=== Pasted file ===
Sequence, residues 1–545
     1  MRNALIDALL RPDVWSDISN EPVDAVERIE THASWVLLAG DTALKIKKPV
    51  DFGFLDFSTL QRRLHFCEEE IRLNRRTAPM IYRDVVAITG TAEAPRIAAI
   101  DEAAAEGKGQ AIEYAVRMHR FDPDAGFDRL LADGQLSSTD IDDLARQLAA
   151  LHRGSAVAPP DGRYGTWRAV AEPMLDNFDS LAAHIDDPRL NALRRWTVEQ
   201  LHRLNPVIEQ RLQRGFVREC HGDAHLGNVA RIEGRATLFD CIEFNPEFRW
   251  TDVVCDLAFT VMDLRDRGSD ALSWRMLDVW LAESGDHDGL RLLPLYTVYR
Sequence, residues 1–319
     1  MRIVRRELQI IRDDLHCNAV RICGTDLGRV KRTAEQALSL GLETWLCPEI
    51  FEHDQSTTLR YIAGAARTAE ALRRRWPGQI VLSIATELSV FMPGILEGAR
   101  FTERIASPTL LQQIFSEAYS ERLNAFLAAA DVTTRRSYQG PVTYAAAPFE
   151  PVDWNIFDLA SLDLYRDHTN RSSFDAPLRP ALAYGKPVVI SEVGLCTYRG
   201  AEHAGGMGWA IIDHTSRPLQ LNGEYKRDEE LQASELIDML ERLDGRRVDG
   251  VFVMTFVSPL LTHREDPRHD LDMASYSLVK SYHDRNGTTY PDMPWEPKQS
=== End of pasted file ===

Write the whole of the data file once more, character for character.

Sequence, residues 1–545
     1  MRNALIDALL RPDVWSDISN EPVDAVERIE THASWVLLAG DTALKIKKPV
    51  DFGFLDFSTL QRRLHFCEEE IRLNRRTAPM IYRDVVAITG TAEAPRIAAI
   101  DEAAAEGKGQ AIEYAVRMHR FDPDAGFDRL LADGQLSSTD IDDLARQLAA
   151  LHRGSAVAPP DGRYGTWRAV AEPMLDNFDS LAAHIDDPRL NALRRWTVEQ
   201  LHRLNPVIEQ RLQRGFVREC HGDAHLGNVA RIEGRATLFD CIEFNPEFRW
   251  TDVVCDLAFT VMDLRDRGSD ALSWRMLDVW LAESGDHDGL RLLPLYTVYR
Sequence, residues 1–319
     1  MRIVRRELQI IRDDLHCNAV RICGTDLGRV KRTAEQALSL GLETWLCPEI
    51  FEHDQSTTLR YIAGAARTAE ALRRRWPGQI VLSIATELSV FMPGILEGAR
   101  FTERIASPTL LQQIFSEAYS ERLNAFLAAA DVTTRRSYQG PVTYAAAPFE
   151  PVDWNIFDLA SLDLYRDHTN RSSFDAPLRP ALAYGKPVVI SEVGLCTYRG
   201  AEHAGGMGWA IIDHTSRPLQ LNGEYKRDEE LQASELIDML ERLDGRRVDG
   251  VFVMTFVSPL LTHREDPRHD LDMASYSLVK SYHDRNGTTY PDMPWEPKQS